Aaron Huey’s wish is that the American government honor the treaties and give back the Black Hills. To atone for America’s sins, to use such a phrase, can anything truly be done? Where, if anywhere, should Americans start to make up for what has been done to the Native Americans? Is it right that we should speak in such manner as atoning for sins or asking for forgiveness? Or do you feel that you have nothing to ask forgiveness for since these things had been done before you were born? What responsibility do we have to Native Americans?
One major thing to consider is that though we may not have been personally responsible for oppressing the Native Americans, we benefit from the results of past policies of our government towards Native Americans (and even from past colonial practices).
Should we replace Columbus Day with Indigineous Peoples’ Day?
Should we push Congress to rescind the Medals of Honor distributed to the 7th Cavalry handed out after the Wounded Knee Massacre in 1890?
Should reservations be abolished? Or should those that exist still remain yet receive generous help?
Should the Washington football team, the Cleveland Indians, or Atlanta Braves be forced to take new mascot names?
What can we learn from Canada and the way they have treated and honored their Native Americans?
Should we continue to oppose the Dakota Access Pipeline (since President Trump has rescinded President Obama’s cancellation of it)?
Should Native Americans be given back their religious ceremonial artifacts, tens of thousands of which sit in museums, some on display, others locked in vaults? (for an upclose perspective, see the recent PBS film, What Was Ours here).
In finishing up the research for this blog (including reading chapters of the book, “All the Real Indians Died Off”: And 20 Other Myths About Native Americans by Roxanne Dunbar-Ortiz) I found that Congress passed, as part of an appropriations bill, a resolution called the Native American Apology Resolution in 2009. Introduced by Republican senator from Kansas, Sam Brownback, he said the reason he did this was “to officially apologize for the past ill-conceived policies by the US Government toward the Native Peoples of this land and re-affirm our commitment toward healing our nation’s wounds and working toward establishing better relationships rooted in reconciliation.”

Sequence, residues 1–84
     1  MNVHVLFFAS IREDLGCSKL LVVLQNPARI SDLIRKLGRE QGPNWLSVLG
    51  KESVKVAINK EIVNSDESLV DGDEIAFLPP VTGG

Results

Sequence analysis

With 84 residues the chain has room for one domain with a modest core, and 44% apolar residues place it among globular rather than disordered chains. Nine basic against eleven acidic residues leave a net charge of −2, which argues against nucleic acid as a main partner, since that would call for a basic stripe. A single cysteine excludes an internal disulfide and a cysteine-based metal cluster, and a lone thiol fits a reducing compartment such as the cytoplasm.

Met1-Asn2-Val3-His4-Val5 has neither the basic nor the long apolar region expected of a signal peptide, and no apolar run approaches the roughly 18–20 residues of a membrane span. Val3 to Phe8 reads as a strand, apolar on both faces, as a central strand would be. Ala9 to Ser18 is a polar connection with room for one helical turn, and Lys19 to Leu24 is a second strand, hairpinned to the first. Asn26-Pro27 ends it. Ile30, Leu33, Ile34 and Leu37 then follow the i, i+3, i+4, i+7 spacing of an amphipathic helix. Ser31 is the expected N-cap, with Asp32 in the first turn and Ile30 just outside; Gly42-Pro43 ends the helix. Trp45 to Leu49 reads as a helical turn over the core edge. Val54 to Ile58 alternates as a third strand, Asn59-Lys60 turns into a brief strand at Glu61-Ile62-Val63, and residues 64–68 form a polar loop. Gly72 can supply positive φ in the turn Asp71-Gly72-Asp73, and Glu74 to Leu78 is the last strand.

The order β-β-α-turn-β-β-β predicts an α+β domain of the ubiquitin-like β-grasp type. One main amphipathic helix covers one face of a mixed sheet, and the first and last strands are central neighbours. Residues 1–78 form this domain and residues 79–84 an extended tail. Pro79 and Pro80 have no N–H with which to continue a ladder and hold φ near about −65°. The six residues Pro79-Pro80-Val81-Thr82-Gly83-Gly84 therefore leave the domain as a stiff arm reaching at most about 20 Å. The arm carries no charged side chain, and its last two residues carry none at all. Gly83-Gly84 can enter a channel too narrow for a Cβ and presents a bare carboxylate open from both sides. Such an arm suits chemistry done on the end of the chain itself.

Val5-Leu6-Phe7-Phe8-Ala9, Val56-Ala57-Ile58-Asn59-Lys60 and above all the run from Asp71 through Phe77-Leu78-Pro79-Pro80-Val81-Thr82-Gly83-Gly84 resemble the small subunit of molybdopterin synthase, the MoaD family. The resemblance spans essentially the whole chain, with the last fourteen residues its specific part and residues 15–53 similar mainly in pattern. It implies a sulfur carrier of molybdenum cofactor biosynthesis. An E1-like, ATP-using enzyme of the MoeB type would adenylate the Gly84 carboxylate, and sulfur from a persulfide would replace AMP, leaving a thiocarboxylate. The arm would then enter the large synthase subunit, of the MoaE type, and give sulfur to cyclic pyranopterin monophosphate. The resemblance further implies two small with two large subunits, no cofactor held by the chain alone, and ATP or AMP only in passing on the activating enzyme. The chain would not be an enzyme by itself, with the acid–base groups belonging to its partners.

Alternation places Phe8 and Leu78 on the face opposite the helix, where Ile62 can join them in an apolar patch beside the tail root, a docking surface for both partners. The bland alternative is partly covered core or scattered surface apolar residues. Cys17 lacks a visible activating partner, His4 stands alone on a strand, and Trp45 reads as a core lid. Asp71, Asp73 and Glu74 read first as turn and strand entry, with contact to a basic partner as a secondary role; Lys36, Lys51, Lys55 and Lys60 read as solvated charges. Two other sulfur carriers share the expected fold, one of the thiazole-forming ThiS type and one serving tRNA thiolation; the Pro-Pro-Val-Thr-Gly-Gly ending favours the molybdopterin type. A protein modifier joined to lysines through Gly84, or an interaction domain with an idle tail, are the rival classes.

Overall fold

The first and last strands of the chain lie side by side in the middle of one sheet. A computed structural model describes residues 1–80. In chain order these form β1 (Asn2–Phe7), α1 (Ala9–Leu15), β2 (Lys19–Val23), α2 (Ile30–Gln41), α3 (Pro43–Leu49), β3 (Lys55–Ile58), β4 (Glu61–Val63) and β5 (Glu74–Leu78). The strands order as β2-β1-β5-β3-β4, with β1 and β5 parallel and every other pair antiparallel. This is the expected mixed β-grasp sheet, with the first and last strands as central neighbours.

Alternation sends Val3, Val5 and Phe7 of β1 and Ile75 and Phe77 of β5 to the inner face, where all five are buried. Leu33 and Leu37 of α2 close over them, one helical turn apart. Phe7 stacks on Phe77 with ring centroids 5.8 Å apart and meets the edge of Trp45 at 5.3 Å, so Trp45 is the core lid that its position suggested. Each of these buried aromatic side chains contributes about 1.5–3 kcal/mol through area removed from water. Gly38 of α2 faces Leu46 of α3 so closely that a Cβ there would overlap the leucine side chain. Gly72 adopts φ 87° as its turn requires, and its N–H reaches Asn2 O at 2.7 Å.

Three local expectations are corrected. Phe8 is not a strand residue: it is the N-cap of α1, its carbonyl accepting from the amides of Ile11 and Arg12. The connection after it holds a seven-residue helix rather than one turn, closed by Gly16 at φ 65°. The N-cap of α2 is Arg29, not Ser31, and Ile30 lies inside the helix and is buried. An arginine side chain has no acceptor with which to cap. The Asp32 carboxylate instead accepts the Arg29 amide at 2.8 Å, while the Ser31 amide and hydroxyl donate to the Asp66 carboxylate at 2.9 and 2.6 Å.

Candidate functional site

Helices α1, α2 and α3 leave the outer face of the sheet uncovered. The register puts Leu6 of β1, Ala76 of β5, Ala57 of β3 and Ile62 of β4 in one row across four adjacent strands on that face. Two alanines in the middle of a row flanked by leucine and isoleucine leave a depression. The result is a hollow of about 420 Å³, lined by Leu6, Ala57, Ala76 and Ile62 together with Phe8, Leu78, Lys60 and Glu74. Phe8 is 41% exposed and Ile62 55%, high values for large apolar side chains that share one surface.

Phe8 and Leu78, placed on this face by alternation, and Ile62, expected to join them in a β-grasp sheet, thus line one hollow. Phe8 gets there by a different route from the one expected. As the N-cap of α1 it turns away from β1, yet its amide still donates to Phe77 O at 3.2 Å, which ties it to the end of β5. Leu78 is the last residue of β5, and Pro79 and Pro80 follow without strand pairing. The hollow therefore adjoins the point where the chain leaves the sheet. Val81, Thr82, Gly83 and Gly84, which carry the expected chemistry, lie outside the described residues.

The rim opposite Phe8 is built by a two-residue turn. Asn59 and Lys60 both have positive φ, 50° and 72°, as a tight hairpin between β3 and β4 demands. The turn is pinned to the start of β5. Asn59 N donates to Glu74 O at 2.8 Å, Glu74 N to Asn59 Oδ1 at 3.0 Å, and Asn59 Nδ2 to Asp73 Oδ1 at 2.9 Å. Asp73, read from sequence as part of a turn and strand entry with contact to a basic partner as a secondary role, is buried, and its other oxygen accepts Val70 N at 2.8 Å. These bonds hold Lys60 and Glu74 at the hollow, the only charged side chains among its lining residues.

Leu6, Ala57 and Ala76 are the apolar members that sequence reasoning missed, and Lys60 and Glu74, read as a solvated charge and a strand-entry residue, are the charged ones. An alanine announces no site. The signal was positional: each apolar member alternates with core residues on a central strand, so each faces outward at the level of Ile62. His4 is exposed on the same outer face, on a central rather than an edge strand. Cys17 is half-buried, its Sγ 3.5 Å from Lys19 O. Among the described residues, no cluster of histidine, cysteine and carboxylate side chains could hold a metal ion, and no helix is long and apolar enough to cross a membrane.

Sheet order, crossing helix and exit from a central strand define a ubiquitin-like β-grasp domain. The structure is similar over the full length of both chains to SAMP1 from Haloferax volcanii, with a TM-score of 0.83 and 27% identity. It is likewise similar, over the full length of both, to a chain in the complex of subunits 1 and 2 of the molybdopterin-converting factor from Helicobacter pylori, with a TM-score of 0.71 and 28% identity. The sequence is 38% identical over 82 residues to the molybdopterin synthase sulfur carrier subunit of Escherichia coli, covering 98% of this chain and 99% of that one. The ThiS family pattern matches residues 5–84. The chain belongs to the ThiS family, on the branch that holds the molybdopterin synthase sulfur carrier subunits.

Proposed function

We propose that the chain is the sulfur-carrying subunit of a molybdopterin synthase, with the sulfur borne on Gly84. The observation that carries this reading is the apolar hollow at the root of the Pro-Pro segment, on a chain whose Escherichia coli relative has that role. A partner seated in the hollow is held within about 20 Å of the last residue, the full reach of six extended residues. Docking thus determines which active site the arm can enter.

The Apology Resolution states that the United States, “apologizes on behalf of the people of the United States to all Native Peoples for the many instances of violence, maltreatment, and neglect inflicted on Native Peoples by citizens of the United States.”
The Apology Resolution also “urges the President to acknowledge the wrongs of the United States against Indian tribes in the history of the United States in order to bring healing to this land.”
The Apology Resolution comes with a disclaimer that nothing in the Resolution authorizes or supports any legal claims against the United States and that the Resolution does not settle any claims against the United States.
The Apology Resolution does not include the lengthy Preamble that was part of S.J Res. 14 introduced earlier this year by Senator Brownback. The Preamble recites the history of U.S. – tribal relations including the assistance provided to the settlers by Native Americans, the killing of Indian women and children, the Trail of Tears, the Long Walk, the Sand Creek Massacre, and Wounded Knee, the theft of tribal lands and resources, the breaking of treaties, and the removal of Indian children to boarding schools.
Please watch the Ted Talk by Aaron Huey, consider the above questions, and then:
Tell us your reactions to the Ted Talk;
Discuss your thoughts / concerns about how to acknowledge the debt America owes Native Americans and why.